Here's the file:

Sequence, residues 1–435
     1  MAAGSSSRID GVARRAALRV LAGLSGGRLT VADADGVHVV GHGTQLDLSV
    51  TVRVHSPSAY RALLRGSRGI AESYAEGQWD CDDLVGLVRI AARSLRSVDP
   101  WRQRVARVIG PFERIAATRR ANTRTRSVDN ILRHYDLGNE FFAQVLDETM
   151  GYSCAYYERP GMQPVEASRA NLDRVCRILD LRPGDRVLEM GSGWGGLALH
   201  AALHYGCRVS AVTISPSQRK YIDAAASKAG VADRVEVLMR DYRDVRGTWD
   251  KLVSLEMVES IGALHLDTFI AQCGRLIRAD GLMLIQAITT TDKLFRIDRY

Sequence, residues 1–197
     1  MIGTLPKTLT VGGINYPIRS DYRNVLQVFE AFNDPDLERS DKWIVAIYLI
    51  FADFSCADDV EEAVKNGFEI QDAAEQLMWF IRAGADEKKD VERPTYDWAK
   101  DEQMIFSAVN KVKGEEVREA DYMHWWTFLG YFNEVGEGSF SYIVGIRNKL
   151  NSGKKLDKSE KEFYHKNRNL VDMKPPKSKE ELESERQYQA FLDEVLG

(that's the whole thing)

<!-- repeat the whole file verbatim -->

Sequence, residues 1–435
     1  MAAGSSSRID GVARRAALRV LAGLSGGRLT VADADGVHVV GHGTQLDLSV
    51  TVRVHSPSAY RALLRGSRGI AESYAEGQWD CDDLVGLVRI AARSLRSVDP
   101  WRQRVARVIG PFERIAATRR ANTRTRSVDN ILRHYDLGNE FFAQVLDETM
   151  GYSCAYYERP GMQPVEASRA NLDRVCRILD LRPGDRVLEM GSGWGGLALH
   201  AALHYGCRVS AVTISPSQRK YIDAAASKAG VADRVEVLMR DYRDVRGTWD
   251  KLVSLEMVES IGALHLDTFI AQCGRLIRAD GLMLIQAITT TDKLFRIDRY

Sequence, residues 1–197
     1  MIGTLPKTLT VGGINYPIRS DYRNVLQVFE AFNDPDLERS DKWIVAIYLI
    51  FADFSCADDV EEAVKNGFEI QDAAEQLMWF IRAGADEKKD VERPTYDWAK
   101  DEQMIFSAVN KVKGEEVREA DYMHWWTFLG YFNEVGEGSF SYIVGIRNKL
   151  NSGKKLDKSE KEFYHKNRNL VDMKPPKSKE ELESERQYQA FLDEVLG